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Week in Reviews: Perbacco Gets the Deuce

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The Brunster checks in on small time East Village Italian spot Perbacco, realizes it has gone through a serious evolution with its most recent chef, and graces the establishment with two stars:

"Not every dish at Perbacco succeeds. But something is indeed happening here, and apparently has been for four months, since the restaurant welcomed Simone Bonelli, a 26-year-old chef brimming with ideas and ambition.

...It opened five years ago as a less edgy restaurant and looks, from the outside, like a conventional trattoria...But it’s no longer conventional. It’s experimental, Lupa meets WD-50. Across much of the menu, Mr. Bonelli plays games."

And another factor adding to this home run for the Brunz? Value, of course. Almost all the pasta dishes are priced around $15 and the wine list takes you on a "tour of Italy’s regions without impoverishing you in the process." [NYT]

Jay Cheshes gives four of six stars to James and three of six to the somewhat disappointing General Greene: "In the two weeks that passed between my first and second visits, the place had evolved from being better than average to verging on great...the General Greene—the more hotly anticipated of the two, with an enticing menu and celebrated consulting chef—fails to live up to the hype." [TONY]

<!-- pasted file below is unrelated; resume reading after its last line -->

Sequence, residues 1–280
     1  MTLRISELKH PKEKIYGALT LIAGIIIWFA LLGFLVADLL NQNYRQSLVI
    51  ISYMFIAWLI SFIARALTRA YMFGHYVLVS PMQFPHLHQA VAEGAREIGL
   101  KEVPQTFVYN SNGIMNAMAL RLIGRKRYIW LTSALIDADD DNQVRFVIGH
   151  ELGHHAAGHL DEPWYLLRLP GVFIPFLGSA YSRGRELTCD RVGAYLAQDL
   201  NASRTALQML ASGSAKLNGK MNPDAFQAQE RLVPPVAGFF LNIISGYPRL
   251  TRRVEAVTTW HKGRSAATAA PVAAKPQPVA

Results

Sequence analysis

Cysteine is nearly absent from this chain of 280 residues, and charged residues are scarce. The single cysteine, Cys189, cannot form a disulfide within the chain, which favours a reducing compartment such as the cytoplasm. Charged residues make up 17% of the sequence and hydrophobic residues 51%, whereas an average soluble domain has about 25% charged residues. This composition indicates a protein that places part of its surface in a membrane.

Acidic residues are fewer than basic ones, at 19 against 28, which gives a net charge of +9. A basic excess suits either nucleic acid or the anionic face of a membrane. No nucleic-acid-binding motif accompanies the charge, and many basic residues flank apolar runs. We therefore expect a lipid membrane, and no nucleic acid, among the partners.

Paul Adams checks in on the un-trendy meat-centric Avenue C newcomer Kafana: "Is Kafana newly opened? Check. In a hip neighborhood? Check. Glorifying meat? Deliciously. But there's nothing sassy about the little rustic bistro, no assumption that carnivory is a misunderstood art, or one ripe for reinvention." [NYS]

The RG weighs in on Michael White's revamped Convivio (nee L'Impero), deems the changes worthwhile, and gives them three stars: "...everything feels different. The banquettes are brighter, burnt orange, instead of somber blue. The service is still efficient, but somehow friendlier...Even the dishes carried over from L'Impero, including the prix fixe, have gone down in price...But the drop in price at Convivio doesn't mean a sacrifice in quality." [NYDN]

Plattster has a monster of a take down for Jean-Georges' Matsugen, giving it one star: "Who knows what causes normally composed, well-adjusted, sane people to become quietly (or in some cases, not so quietly) unhinged in certain dining establishments? ... maybe, as happened the other evening at Jean-Georges Vongerichten’s latest experiment in international cuisine, Matsugen, it’s pretty much everything." [NYM]

THE ELSEWHERE: Alan Richman enjoys the paella (and not much else) at Socarrat, Ryan Sutton actually likes those chicken nuggets at Forge, Seth Kugel files a $25 and Under/round-up piece on restaurants serving schnitzel, Gael Greene demands the Restaurant Week special at Sheridan Square, Sietsema tries the new (and upscale) Greenpoint Polish spot Karczma, Sarah DiGregoria has a run down on the taco trucks in Sunset Park, and Tables for Two is at Scott Conant's Scarpetta.

THE BLOGS: Ed Levine gives The Redhead a B+, Gael Greene has an early review of Allegretti on her blog, A Hamburger Today discovers Flay's Bobby's Burger Palace in Long Island is not worth the trip, Life with Food and Drink is disappointed with the week old Braai, Goodies First has some fun experimenting at Tailor, Salli Vates enjoys the num pang at Kampuchea, and Writing with My Mouth Full checks out Rayuela.


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